Supervisor and coworker ratings (i.e., “observer ratings”) remain a common manner of measuring counterproductive work behavior (CWB) despite long-standing doubts that observers have the opportunity to witness the work behaviors they are expected to rate. We conducted 2 studies that evaluated the observability of CWB items and consequences of observability. First, we show that many CWBs are unlikely to be witnessed by supervisors or coworkers—specifically, behaviors such as “spends too much time fantasizing or daydreaming instead of working” and “discussed confidential company information with an unauthorized person” were found to be lowest in observability, whereas “cursed at someone at work” or “acted rudely toward someone at work” were relatively higher in observability (though observability was generally low). Second, a meta-analysis revealed variability in item-level relationships (correlations and mean differences) between self-ratings and observer ratings for specific CWB scale items (i.e., items from Bennett & Robinson, 2,000). Important, this variability was partially explained by observability—behaviors with low self–observer convergence tend to have low levels of observability, whereas behaviors with higher levels of convergence tend to have higher levels of observability. This study demonstrates that supervisor and coworker ratings of CWB may be susceptible to an observability bias resulting from rating behaviors they have not likely witnessed.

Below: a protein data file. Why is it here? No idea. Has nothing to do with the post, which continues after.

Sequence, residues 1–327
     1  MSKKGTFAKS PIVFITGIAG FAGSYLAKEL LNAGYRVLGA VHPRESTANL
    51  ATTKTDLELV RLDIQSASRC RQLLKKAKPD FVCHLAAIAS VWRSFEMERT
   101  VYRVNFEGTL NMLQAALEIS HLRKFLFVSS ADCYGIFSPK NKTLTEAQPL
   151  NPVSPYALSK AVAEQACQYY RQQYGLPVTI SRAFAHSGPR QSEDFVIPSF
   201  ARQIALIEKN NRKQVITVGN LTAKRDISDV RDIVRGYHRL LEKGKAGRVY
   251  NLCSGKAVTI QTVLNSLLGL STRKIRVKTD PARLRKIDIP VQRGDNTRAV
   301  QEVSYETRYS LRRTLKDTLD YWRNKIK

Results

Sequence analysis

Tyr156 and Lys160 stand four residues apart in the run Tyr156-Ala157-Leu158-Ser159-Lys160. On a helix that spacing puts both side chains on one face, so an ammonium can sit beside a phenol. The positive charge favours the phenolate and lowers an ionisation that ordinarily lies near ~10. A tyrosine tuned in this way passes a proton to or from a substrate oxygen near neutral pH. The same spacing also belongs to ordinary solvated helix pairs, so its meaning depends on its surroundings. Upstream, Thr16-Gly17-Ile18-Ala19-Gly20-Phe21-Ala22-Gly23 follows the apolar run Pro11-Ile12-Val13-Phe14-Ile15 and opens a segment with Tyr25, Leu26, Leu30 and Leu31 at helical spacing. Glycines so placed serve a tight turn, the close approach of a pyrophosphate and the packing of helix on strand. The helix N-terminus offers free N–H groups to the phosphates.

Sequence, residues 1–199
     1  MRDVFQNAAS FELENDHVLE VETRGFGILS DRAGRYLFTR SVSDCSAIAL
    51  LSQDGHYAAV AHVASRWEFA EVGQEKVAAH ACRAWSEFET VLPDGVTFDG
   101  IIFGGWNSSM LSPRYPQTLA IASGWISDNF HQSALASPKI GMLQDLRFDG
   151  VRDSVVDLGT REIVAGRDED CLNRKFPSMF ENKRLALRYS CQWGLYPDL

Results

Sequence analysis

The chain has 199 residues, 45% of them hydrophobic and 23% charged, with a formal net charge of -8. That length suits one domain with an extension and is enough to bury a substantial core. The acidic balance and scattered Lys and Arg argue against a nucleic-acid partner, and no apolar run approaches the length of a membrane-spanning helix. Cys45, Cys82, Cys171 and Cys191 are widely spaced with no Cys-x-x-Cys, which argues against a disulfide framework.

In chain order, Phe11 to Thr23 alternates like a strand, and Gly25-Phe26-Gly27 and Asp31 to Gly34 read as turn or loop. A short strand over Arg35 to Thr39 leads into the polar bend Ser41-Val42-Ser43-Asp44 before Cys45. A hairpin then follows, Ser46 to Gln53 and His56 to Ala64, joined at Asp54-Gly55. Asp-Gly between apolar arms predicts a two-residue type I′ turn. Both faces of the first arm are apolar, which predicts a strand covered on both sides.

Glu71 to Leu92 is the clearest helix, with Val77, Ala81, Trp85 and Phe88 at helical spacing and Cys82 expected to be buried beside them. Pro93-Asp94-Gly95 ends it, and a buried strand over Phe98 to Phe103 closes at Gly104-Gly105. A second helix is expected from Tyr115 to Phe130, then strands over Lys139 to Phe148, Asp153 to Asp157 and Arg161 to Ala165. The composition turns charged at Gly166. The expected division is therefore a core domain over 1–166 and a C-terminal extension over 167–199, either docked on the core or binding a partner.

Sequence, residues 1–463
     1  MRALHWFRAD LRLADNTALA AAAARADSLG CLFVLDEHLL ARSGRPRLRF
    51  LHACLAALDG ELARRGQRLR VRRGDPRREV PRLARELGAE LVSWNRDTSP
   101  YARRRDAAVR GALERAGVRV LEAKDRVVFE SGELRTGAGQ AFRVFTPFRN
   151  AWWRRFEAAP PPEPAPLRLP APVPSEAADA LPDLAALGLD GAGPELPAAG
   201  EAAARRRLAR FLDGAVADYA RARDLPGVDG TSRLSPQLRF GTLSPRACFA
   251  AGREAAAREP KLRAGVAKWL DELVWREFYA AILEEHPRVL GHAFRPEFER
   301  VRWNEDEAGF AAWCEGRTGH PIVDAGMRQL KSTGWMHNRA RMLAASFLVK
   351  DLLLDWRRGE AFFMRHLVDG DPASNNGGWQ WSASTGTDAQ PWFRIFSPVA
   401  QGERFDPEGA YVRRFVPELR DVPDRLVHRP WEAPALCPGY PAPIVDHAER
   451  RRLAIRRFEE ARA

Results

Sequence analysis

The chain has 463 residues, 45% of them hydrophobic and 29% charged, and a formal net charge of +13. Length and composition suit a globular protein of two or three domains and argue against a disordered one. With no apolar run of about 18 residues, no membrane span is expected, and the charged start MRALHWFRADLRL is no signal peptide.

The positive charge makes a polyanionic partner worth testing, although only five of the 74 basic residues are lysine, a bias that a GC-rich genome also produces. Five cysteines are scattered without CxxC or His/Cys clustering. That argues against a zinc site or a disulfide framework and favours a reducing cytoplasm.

All Science Journal Classification (ASJC) codes
- Applied Psychology
- Organizational Behavior and Human Resource Management